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EHR Adoption A Success, Says ONC Leader
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Ariella
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Ariella,
User Rank: Ninja
5/19/2014 | 12:04:03 PM
Re: ehr
@Alison I agree with you 100%. It makes no sense to me that individuals are not granted ownership of their own health data.
Alison_Diana
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Alison_Diana,
User Rank: Author
5/19/2014 | 11:57:42 AM
Re: ehr
That's one reason I'm a huge advocate for patient ownership of his/her own health record; transparency, and a simple way for patients to correct errors on their records. So far, I don't think this is the case, unfortunately, but it's going to become a really big problem in the future.
Ariella
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Ariella,
User Rank: Ninja
5/19/2014 | 10:07:36 AM
Re: ehr
@Alison yes, it has great potential for much greater efficiency. But there is a downside, as well. Last year's report from the Emergency Care Research Institute (ECRI), TOP 10 HEALTH TECHNOLOGY HAZARDS FOR 2013 warned of the potential for a single error on a health record spreading before it is caught and corrected. because a single error in patient data "can have far-reaching consequences, leading to a host of downstream effects that" are challenging to detect and complicated to set right. Should a doctor act on the wrong information before it is discovered, there may be irrevocable damage.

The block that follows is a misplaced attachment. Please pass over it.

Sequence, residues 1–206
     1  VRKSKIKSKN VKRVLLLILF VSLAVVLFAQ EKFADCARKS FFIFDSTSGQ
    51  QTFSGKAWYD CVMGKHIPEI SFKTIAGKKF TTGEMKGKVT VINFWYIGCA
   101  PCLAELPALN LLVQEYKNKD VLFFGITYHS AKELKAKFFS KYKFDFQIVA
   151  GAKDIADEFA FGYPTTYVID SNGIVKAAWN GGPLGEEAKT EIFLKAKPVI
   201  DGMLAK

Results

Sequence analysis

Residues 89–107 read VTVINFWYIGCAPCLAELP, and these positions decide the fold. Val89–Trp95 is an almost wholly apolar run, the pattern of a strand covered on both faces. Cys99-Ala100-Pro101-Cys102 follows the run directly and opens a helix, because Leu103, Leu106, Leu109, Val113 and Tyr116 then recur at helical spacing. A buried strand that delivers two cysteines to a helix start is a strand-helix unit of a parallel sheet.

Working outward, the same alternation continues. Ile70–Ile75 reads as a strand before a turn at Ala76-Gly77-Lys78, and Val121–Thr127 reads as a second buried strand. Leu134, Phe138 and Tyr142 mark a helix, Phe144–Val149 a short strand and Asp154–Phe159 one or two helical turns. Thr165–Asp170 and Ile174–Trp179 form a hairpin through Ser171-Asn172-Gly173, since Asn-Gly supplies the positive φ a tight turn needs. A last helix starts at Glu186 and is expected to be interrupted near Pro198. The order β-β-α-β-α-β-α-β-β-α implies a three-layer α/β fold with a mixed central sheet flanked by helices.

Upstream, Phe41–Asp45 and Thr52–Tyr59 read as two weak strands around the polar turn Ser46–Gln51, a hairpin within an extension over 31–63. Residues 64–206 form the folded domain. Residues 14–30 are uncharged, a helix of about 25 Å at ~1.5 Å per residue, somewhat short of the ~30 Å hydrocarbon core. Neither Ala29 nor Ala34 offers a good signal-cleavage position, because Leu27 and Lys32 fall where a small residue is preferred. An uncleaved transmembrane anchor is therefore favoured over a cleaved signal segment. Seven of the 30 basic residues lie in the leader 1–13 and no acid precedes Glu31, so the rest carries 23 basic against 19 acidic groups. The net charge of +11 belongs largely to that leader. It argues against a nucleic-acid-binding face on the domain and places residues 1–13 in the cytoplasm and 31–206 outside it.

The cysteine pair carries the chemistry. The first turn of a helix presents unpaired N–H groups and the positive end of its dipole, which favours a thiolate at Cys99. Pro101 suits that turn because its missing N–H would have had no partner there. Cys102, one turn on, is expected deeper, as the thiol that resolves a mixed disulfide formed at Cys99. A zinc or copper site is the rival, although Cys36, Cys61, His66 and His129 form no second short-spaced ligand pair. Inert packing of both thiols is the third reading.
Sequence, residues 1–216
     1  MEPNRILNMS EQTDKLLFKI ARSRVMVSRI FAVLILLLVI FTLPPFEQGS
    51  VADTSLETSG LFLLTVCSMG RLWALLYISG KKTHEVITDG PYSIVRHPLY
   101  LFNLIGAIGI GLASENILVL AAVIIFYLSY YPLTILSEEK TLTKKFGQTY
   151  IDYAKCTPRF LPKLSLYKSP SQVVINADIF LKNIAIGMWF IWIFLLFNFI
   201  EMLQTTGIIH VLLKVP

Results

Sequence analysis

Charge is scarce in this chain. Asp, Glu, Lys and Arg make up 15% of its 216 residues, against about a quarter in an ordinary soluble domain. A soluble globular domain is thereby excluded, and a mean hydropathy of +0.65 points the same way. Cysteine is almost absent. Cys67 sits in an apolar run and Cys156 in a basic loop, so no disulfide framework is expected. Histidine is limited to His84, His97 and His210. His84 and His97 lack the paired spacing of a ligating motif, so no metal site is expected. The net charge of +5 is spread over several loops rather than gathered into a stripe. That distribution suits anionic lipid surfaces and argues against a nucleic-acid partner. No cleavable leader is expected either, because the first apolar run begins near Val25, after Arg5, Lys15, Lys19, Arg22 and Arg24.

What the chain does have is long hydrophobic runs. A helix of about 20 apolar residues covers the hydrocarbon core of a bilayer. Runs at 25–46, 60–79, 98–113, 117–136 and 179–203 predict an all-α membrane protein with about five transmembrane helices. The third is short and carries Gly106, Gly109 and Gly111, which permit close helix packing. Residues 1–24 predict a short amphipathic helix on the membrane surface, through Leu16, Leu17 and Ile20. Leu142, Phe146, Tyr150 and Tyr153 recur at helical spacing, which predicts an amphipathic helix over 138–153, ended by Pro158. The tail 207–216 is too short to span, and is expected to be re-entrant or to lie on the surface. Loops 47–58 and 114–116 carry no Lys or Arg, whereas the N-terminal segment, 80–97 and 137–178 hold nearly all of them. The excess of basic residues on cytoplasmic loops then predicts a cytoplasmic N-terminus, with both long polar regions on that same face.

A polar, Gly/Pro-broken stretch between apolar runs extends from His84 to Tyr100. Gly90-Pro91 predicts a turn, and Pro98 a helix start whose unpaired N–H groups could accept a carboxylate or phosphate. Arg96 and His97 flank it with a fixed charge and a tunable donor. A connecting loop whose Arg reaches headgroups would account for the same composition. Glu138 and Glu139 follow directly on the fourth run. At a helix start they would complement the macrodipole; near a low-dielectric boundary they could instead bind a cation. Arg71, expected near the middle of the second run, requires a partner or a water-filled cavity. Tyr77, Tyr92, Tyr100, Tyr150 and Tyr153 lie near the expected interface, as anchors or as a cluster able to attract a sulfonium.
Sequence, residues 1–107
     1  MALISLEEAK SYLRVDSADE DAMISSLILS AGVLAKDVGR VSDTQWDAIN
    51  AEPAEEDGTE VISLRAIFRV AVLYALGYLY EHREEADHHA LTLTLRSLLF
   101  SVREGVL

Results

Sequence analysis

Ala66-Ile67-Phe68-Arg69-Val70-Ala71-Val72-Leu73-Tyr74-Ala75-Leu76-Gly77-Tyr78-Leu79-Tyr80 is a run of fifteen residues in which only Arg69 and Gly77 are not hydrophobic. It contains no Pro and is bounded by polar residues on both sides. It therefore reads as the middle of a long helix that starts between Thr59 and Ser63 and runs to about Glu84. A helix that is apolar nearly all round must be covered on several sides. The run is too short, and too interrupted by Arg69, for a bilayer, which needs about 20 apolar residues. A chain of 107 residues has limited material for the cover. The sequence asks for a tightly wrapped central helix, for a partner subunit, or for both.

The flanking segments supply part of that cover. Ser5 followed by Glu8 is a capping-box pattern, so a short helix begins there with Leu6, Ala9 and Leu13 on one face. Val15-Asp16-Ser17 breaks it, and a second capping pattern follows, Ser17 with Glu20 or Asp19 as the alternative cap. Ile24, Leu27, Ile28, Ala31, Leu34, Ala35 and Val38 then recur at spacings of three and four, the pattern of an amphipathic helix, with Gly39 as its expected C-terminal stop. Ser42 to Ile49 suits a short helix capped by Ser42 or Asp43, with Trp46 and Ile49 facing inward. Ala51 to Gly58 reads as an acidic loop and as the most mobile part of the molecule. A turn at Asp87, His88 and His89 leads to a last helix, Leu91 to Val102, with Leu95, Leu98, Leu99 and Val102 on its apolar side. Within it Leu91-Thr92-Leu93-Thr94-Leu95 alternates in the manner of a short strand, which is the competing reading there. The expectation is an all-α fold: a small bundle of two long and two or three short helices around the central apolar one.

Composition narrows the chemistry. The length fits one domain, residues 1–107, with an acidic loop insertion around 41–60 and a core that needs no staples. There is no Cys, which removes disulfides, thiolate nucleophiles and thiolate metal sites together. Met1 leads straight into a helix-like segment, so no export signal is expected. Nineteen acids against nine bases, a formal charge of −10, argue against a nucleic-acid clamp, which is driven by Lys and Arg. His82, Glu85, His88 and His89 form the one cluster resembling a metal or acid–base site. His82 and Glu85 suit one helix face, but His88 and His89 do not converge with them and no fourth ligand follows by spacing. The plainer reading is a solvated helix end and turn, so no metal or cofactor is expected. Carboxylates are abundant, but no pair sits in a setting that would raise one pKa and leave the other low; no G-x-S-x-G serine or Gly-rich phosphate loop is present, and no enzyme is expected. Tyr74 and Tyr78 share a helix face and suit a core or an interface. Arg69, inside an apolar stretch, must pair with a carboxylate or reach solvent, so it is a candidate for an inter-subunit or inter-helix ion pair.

That is not to say that people should give up on EHR, only to take some precautions. for example, the report recommended  disassociatiing any device that uploads data when switching from patient to patient. While that sounds simple enough, it may not be the default for "location-centricy" operations, which connects the data to the room rather than the individual.  In such a system, when the patient is moved, the system has to be manually updated. 
Alison_Diana
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Alison_Diana,
User Rank: Author
5/19/2014 | 9:28:10 AM
Re: ehr
Yes, the latest data says 93% of hospitals have some level of EMR installed. Now, that doesn't necessarily mean use is widespread, of course. Nor does it mean hospitals are fully leveraging this investment. But it's a good foundation. Physician offices have much lower adoption, unsurprisingly. Personally, I think the availability of cloud-based EHRs increases the odds of faster EMR adoption within practices; it's easier, often more affordable, and requires less internal IT knowledge. 

As you say, Ariella, now hospitals have EMRs in place they're digging in to the data to try and discover new ways to reduce costs and improve care. (I'm writing a story on that later today, based on the Crimson conference I attended late last week.) Once you've invested so many resources into such a massive data repository, you want to fully leverage this amazing asset!
Ariella
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Ariella,
User Rank: Ninja
5/16/2014 | 4:02:59 PM
ehr
93% of hospitals? Wow, they've made pretty good progress. About a year ago I wrote about EHR adoption in NYC, something that Bloomberg encouraged. One of the things I came across was the report  Using Electronic Health Records to Improve Quality and Efficiency: The Experiences of Leading Hospitals. It points to additional benefits associated with EHR.  On a macro-level, EHRs make it possible to identify "patterns in performance data to identify problem areas, thereby facilitating quality improvement efforts and identifying opportunities for process redesign."  The EHRs also contribute to the data that can be used to investigate "questions and test hypotheses," whether they relate to general efficiency or clinical issues.  


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